Rude Valentines. Neil Gaiman, Translating China's Arts
Neil Gaiman on his enduring attraction to the world of giants, gods and rainbow bridges of Norse myths and why he's produced his own version; plus research into the ugly side of Valentines from classical times to the 19th century with Annebella Pollen and Edmund Richardson, and, as the RSC prepares to bring Snow in Midsummer to the stage, the first of a planned series of Chinese classics, Frances Ya-Chu Cowhig explains her play's 13th century origins and along with Craig Clunas, author of Chinese Painting and Its Audiences, talks to Rana Mitter about bringing Chinese culture to new global audiences.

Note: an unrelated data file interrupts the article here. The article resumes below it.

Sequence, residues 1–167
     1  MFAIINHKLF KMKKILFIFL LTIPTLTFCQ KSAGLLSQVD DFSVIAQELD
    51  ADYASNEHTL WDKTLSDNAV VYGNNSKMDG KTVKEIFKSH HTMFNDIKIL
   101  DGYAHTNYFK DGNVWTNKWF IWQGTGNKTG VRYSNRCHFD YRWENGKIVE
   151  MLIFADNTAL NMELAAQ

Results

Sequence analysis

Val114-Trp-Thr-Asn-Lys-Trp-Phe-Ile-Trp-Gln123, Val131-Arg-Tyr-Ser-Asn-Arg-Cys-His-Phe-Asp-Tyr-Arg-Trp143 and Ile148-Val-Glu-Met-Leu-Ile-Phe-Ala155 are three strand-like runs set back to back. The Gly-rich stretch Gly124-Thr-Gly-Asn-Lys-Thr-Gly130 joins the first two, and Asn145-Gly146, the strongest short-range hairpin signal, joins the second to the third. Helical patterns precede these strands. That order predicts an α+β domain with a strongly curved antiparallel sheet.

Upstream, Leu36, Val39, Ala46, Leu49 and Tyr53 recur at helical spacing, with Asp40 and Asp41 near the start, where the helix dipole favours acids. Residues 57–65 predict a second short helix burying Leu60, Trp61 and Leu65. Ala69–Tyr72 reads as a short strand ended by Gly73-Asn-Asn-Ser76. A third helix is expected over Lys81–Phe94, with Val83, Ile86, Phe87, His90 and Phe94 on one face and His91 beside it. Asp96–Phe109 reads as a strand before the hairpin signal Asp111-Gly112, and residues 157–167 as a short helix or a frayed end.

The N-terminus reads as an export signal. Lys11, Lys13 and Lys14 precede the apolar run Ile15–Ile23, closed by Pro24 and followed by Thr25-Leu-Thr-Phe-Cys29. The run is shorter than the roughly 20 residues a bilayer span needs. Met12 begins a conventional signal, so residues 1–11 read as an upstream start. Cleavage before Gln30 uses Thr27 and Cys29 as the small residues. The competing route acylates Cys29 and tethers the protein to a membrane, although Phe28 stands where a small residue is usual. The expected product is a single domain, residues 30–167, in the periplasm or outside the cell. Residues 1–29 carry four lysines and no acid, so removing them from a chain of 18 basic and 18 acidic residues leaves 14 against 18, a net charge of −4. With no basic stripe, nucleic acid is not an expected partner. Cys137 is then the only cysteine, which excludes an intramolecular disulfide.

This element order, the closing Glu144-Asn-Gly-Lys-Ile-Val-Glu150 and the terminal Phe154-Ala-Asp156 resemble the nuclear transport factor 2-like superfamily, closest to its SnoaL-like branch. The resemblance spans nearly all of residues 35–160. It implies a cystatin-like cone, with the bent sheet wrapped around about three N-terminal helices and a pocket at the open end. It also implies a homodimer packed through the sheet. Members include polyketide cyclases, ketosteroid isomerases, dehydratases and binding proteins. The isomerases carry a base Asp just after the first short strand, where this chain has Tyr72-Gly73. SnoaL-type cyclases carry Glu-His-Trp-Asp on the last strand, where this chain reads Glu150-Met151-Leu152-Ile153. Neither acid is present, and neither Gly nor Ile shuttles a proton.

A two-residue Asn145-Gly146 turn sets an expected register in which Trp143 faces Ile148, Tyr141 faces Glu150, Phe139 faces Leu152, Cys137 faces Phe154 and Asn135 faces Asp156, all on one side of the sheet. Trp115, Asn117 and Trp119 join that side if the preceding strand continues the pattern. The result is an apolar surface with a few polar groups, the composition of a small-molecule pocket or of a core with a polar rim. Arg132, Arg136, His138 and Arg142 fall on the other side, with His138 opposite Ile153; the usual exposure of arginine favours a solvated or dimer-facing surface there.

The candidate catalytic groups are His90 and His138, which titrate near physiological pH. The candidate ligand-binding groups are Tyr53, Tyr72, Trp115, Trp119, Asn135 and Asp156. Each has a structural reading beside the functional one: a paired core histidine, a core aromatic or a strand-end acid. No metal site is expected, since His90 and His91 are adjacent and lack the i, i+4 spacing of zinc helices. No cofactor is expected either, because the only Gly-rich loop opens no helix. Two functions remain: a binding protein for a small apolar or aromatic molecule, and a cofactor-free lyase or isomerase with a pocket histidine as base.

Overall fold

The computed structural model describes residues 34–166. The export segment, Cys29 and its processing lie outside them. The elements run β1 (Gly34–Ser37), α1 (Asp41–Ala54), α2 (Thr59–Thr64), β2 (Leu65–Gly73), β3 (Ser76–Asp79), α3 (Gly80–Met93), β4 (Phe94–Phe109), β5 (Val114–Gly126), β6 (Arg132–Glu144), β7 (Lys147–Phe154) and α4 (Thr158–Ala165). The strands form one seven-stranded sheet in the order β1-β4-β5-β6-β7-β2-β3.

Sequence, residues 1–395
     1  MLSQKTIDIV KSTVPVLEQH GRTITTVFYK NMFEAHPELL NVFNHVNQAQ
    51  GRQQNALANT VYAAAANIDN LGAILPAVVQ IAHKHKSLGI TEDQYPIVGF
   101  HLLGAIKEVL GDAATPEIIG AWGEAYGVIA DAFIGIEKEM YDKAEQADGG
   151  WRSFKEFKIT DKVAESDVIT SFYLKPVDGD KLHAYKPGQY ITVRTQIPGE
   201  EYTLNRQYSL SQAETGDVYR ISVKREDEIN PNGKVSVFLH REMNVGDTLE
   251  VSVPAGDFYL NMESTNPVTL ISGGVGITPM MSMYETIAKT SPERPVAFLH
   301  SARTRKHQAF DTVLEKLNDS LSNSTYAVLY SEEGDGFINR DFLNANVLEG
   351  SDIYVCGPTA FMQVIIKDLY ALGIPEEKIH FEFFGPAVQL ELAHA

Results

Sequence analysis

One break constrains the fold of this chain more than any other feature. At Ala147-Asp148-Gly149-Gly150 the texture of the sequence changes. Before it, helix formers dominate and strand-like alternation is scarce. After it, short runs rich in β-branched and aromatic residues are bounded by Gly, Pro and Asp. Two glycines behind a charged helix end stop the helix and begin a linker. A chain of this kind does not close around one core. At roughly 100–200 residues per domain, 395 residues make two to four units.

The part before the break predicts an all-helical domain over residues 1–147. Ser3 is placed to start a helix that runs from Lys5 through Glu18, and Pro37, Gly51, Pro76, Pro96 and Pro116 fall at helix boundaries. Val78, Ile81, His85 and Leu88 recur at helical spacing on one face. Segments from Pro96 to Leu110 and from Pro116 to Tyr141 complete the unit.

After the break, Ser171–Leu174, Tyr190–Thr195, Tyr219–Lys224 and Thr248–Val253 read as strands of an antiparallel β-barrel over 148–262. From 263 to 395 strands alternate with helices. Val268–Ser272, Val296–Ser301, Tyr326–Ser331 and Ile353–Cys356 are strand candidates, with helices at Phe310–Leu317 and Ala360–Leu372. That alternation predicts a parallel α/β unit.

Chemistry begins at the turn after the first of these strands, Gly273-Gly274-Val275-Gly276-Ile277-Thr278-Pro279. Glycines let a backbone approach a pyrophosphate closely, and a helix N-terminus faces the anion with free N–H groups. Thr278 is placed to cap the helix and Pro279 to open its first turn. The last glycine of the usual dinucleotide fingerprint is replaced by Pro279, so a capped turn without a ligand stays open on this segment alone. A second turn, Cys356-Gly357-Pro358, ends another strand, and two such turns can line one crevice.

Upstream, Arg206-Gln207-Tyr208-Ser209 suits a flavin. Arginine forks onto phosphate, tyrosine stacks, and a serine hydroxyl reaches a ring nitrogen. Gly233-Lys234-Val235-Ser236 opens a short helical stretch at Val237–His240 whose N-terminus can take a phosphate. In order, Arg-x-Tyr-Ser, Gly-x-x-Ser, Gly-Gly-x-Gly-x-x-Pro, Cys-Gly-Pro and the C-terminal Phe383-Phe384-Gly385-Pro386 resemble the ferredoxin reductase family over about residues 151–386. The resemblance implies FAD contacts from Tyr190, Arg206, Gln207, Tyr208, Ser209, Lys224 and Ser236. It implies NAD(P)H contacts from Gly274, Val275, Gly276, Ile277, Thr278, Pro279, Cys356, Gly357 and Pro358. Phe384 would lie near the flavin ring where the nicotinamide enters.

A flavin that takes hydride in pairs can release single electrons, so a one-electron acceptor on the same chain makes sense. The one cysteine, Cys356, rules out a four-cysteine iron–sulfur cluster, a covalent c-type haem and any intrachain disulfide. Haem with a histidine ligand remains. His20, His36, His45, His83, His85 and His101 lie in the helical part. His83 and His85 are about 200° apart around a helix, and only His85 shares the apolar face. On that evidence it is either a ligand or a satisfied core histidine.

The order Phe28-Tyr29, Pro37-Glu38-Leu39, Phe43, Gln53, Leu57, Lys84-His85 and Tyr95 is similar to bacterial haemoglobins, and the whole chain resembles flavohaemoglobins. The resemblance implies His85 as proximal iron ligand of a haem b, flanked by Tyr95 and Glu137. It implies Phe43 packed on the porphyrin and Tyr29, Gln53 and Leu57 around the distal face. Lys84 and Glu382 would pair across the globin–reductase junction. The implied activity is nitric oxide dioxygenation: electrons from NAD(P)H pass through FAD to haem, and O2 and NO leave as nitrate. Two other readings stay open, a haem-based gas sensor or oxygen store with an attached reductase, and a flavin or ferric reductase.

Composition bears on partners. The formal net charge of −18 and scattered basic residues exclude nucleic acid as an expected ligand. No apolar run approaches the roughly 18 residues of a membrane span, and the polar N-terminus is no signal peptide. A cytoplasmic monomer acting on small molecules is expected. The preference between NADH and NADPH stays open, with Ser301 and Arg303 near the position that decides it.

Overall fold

Frances Ya-Chu Cowhig play Snow in Midsummer based on a Chinese classic is on at The Royal Shakespeare Company's Swan Theatre Feb 23rd-March 25th 2017
Craig Clunas' new book is Chinese Painting and Its Audiences
Neil Gaiman's new book is called Norse Mythology.
Annebella Pollen is Principal Lecturer in the History of Art and Design at the University of Brighton and has published her research on Valentines in Early Popular Visual Culture, 2014.
Edmund Richardson Director of the Durham Centre for Classical Reception, University of Durham
Producer: Jacqueline Smith
|Interviewed Guest||Neil Gaiman|
|Interviewed Guest||Edmund Richardson|
|Interviewed Guest||Annebella Pollen|
|Interviewed Guest||Frances Ya-Chu Cowhig|
|Interviewed Guest||Craig Clunas|